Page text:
+manics albums: no. 7+

Let the list continue!

NUMBER SEVEN: GOLD AGAINST THE SOUL (June 21, 1993)
Favorite tracks: Life Becoming a Landslide, Sleepflower, La Tristesse Durera (Scream to a Sigh), Roses in the Hospital

I promise and I swear that the rest of this list does not go in chronological order, but as stated in my last post, it’s been difficult for me to connect with the earlier records. And to be honest, this album barely landed in the seventh position, narrowly being edged out by the album soon to appear in the sixth slot. I’m trying not to feel too bad, though. The band themselves reportedly like this album least of all their efforts.

Gold Against the Soul is one of the last Manics albums I bought as I worked through their back catalogue, and I remember how promising it seemed to hear the opener “Sleepflower.” As someone perpetually trying to catch up on sleep, this song spoke to me. It seems like such a mundane topic for a song, but if you’ve ever suffered from a chronic lack of sleep, especially one due to a troubled mind, you understand how it is that someone could write a passionate rock song about it. “From Despair to Where” and “La Tristesse Durera” were songs I recognized from the greatest hits compilation, and to this day they remain familiar friends of mine, especially “La Tristesse,” whose lyrics aptly describe the hollow feelings of a soldier returned home from war. To me, though, it’s a perfect anthem for anyone who feels underappreciated and unrecognized, someone who has resigned him or herself to an undeserved state of mediocrity and anonymity:

“Life has been unfaithful
And it all promised oh so much


I sold my medal
It paid a bill
It sells in market stalls
Parades Milan catwalks
Oh the sadness will never go…

Moving ahead, “Yourself” is a fine rock song, but to me it doesn’t compare with other similar songs in that style. And after that, we come to “Life Becoming a Landslide.” I adore this song, and yet my boyfriend despises it, considering it one of the worst songs ever written by this band. But I remember listening to it one day and thinking about Richey. I know all too well that feeling that your life is spiraling downward faster and faster, and all you can do is keep freefalling. I guess I just thought about how sensitive Richey was, and how life probably felt like an avalanche to him. I know I feel that way far too often, and sometimes it really helps me to listen to “Life Becoming a Landslide.” It sounds trite, but it just makes me feel less alone. And being a lyrics person, well…

My idea of love comes from
a childhood glimpse of pornography
Well there is no true love
Just a finely tuned jealousy

Life becoming a landslide
I don’t want to be a man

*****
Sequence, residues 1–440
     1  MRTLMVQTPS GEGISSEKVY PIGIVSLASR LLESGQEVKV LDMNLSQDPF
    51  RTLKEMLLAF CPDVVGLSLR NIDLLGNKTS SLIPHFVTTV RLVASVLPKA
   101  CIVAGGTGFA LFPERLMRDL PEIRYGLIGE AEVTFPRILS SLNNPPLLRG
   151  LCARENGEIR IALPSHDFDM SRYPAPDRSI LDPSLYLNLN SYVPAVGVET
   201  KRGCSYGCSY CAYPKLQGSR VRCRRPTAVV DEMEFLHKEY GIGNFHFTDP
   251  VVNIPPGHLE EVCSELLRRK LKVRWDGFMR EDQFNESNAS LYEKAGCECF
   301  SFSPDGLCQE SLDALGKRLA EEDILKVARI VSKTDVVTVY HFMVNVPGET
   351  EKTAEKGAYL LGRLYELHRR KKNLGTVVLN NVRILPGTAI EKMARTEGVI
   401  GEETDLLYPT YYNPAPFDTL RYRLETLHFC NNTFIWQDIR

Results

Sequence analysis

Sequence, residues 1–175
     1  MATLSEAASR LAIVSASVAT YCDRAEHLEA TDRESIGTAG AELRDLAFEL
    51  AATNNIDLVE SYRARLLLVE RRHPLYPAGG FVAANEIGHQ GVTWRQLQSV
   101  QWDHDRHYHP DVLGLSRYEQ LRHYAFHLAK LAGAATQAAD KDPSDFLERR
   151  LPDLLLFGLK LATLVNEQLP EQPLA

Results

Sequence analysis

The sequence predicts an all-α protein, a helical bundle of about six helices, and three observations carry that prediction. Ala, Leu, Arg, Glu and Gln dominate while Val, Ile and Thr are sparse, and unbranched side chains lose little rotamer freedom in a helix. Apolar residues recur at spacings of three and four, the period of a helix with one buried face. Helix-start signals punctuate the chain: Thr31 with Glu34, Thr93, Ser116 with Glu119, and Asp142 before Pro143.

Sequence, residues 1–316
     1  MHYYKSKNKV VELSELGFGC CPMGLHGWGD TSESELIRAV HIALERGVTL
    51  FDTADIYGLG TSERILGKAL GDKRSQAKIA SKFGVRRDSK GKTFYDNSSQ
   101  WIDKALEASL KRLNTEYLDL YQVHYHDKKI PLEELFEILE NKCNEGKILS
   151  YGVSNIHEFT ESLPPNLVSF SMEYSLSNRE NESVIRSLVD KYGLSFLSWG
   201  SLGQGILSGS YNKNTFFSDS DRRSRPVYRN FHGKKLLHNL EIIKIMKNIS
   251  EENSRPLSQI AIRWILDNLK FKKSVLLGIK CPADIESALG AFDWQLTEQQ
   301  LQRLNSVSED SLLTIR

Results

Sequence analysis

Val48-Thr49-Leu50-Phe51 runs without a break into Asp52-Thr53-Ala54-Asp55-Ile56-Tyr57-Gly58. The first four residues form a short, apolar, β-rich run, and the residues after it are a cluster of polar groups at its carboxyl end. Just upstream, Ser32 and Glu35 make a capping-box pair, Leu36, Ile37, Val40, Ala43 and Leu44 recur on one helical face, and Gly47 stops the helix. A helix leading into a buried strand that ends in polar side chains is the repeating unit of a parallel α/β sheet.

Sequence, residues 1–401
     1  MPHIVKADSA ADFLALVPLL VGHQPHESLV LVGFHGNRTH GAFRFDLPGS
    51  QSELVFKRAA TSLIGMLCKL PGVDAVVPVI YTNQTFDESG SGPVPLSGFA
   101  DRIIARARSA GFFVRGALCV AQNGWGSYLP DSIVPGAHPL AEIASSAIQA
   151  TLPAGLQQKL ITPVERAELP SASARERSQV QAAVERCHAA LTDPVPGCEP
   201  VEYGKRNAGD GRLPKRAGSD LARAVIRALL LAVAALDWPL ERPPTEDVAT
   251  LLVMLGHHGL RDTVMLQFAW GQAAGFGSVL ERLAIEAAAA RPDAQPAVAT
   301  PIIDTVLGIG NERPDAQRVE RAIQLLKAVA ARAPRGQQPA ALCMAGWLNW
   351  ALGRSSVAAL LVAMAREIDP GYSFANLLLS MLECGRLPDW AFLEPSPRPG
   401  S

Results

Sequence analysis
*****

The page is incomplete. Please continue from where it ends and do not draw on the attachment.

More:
Life becoming a landslide
A mile empty inside

And because I connect so strongly with that song, the rest of the album seems out of place to me. There’s an astounding amount of despair to be found in the first five tracks, but the remainder of the songs are all so angry and yet peppy at the same time. So much screaming, so many loud guitars, and lots of anger, but without that melding of sound and sentiment that you find on The Holy Bible. For that reason the album doesn’t feel like a cohesive whole, but I do like the individual songs on their own. “Drug Drug Druggy” and “Roses in the Hospital” are a rocking one-two punch, and I love the line “We don’t want your f*cking love.” At this point, I could take or leave “Nostalgic Pushead” and “Symphony of Tourette.” It took a while, but I eventually did come to like the nasty groove of the title track closer. Still, the album leaves me feeling like I’ve missed something when it’s over.

Turning to the cover of the album…it’s not a photograph that makes me want to proudly grab this CD off the shelf and give it a spin. It’s just so…strange. Usually I can handle strange, but the photograph says nothing to me. If somebody knows what it’s supposed to mean, please, enlighten me.

So I guess I would say that Gold Against the Soul, while it’s got a couple of fantastic songs, feels incomplete in the end. Several of the songs show a definite growth from Generation Terrorists, though, and one is left with that promising feeling that, at the time, this was a band just about ready to get it together and create something really important.

Which is exactly what happened. But that is a story for another time…

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~ by Jennifer Cunningham on August 11, 2008.

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